Evolution of Tails

Tail- Scientific Definition

The tail is the body part at the rear end of certain kinds of animals’ bodies: in general, it refers to an apparent, flexible appendage to the torso. It is the body party that corresponds roughly to the sacrum and coccyx in mammals, reptiles, and birds. While tails are mainly a feature of vertebrates, some invertebrates, including scorpions and springtails, and snails and slugs, have tail-like appendages that are sometimes referred to as tails.

In simple words, lizards, elephants, and fishes all have something in common. They own flexible, soft structures at the rear of their bodies that we call tails.

Evolution of Tails


The old world fishes were extremely different. They had two flexible organs-a flexible fin and a fat tail, one resting atop the other. The caudal fish fin began as a co-opted median fin. Over evolutionary time, to adapt to their environments, fishes lost one of these tails. The new world fish evolved with one flexible tail to provide a source of locomotion and easy passage underwater. Evolution enabled faster movement underwater for fishes and other marine animals.


The tetrapod tail likely started as a limb-like outgrowth in the first vertebrates. They had an extra limb hanging from the rear of the mammal. During evolution, the mammals got more extended legs and a longer neck. The head became longer and slimmer. At first, the hind legs were longer than the front legs; later on, they were not. The limb in the rear of the vertebrae got replaced by a hairy flexible tail. In cats and kangaroos, tails evolved to provide balance. In zebras, horses, and other land mammals, tails evolved to brush away flies and other biting insects. In New World monkeys, tails allow them to grasp tree branches.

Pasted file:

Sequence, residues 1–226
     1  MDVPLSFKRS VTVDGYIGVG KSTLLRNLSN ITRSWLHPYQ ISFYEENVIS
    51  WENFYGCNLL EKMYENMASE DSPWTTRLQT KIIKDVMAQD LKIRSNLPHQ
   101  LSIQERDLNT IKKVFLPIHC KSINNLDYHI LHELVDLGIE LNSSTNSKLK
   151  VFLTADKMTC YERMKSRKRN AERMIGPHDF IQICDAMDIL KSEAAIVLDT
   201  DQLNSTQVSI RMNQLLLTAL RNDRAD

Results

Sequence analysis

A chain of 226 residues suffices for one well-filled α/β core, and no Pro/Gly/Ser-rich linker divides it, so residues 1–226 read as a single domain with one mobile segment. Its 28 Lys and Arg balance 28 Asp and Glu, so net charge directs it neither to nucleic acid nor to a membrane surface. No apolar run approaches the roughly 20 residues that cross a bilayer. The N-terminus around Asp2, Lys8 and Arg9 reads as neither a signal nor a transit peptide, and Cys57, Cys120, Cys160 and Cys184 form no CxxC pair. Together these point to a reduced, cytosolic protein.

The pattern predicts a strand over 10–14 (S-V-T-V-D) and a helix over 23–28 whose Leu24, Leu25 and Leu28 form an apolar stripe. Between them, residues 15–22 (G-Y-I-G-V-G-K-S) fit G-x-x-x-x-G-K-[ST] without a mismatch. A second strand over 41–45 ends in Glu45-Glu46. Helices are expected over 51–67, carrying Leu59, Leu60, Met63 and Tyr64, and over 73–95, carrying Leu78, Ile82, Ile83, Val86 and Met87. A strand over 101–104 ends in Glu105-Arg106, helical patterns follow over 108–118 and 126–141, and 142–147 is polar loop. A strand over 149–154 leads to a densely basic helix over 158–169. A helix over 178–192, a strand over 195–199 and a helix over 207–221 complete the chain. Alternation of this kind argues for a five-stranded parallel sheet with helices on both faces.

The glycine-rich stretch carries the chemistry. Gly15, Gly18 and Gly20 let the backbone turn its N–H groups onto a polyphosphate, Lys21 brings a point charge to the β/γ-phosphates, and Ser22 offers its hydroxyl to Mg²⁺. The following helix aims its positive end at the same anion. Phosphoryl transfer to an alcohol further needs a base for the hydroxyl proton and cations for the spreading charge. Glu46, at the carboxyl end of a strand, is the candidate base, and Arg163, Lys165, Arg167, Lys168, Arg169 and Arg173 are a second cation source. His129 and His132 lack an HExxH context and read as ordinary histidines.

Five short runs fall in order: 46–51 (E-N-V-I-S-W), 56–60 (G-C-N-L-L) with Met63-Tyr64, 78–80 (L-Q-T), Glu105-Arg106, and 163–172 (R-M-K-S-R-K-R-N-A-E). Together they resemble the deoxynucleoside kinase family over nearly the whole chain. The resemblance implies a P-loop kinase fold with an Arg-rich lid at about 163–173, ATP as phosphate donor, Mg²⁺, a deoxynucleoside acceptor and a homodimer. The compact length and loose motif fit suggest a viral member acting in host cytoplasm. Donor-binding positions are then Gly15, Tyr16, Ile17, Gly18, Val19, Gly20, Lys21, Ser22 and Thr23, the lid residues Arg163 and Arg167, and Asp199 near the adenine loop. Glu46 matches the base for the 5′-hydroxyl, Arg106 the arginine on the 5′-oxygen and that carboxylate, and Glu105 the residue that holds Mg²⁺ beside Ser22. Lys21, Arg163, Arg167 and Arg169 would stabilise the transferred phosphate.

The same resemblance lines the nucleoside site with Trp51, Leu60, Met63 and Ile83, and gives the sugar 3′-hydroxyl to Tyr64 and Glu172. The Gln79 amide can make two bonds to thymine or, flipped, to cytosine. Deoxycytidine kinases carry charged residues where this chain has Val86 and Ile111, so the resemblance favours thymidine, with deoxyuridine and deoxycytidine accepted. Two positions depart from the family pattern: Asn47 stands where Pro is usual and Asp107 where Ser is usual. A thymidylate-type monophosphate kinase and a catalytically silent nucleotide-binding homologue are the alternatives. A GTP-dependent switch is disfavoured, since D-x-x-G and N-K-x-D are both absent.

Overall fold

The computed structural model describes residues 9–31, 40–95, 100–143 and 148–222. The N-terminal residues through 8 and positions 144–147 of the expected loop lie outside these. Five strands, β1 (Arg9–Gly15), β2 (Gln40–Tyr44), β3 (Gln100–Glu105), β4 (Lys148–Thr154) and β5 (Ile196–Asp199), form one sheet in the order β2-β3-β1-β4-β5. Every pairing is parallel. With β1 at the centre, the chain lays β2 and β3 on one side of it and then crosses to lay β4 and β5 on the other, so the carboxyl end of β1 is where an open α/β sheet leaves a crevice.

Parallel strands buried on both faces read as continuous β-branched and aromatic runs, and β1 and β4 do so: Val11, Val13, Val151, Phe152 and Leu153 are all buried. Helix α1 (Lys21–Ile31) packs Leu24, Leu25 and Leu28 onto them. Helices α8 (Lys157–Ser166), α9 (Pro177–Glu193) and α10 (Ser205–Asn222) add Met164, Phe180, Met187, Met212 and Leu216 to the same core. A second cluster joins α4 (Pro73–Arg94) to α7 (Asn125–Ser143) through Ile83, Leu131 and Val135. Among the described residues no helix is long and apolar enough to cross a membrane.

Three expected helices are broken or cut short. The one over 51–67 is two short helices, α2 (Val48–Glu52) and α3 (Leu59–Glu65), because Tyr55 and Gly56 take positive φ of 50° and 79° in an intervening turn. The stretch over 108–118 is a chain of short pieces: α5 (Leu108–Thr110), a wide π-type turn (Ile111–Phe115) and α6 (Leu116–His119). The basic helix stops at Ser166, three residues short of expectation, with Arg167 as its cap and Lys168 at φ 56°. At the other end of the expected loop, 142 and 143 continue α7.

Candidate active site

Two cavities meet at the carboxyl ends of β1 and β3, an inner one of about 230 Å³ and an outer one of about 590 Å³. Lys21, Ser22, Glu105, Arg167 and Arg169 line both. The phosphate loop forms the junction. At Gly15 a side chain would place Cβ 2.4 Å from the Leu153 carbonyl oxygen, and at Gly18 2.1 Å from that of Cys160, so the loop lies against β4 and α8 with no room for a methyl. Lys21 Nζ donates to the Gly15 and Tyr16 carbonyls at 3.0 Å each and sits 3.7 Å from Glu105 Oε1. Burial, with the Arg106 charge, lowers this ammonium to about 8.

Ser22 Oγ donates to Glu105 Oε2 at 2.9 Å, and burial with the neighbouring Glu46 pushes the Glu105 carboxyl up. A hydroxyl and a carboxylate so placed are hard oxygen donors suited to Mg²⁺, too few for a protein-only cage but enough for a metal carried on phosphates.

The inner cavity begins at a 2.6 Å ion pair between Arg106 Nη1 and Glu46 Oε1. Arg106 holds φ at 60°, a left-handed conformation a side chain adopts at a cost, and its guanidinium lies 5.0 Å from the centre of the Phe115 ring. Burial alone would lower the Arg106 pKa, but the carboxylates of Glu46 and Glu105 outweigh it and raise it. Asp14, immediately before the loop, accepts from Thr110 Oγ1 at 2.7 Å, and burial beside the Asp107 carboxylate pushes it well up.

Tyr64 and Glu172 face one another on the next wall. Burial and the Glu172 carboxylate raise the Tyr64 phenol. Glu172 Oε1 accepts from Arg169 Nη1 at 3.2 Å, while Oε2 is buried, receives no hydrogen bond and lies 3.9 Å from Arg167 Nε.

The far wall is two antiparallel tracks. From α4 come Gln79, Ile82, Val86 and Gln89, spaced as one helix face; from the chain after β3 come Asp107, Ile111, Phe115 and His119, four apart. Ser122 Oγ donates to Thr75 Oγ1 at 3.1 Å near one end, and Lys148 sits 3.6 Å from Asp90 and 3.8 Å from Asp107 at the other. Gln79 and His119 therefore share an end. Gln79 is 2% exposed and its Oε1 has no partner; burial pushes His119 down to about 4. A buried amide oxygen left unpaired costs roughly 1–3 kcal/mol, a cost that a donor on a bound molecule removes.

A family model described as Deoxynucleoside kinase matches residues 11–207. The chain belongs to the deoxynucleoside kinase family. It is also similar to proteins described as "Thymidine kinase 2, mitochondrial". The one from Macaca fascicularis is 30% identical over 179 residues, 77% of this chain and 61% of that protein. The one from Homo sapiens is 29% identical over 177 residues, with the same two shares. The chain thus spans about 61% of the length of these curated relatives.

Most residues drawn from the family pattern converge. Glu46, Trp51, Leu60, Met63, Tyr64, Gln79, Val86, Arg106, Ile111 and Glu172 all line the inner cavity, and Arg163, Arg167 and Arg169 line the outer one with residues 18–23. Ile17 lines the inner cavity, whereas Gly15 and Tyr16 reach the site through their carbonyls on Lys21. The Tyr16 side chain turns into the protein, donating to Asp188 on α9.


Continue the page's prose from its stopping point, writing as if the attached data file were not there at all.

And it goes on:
Evolution of tails in reptiles (lizards, crocodiles, and snakes) was possible due to gravity. Yes, gravity. Gravity imposes significant constraints on blood circulation. Arboreal snakes have relatively longer tails than non-climbing species because of the gravity. The gravitational pull elongated the extra limb in some reptiles developing, what we now call it, a tail.


Tails are like manners – essentially, every animal has them. But what about humans? Why are we missing out? We will explore this in our next article.

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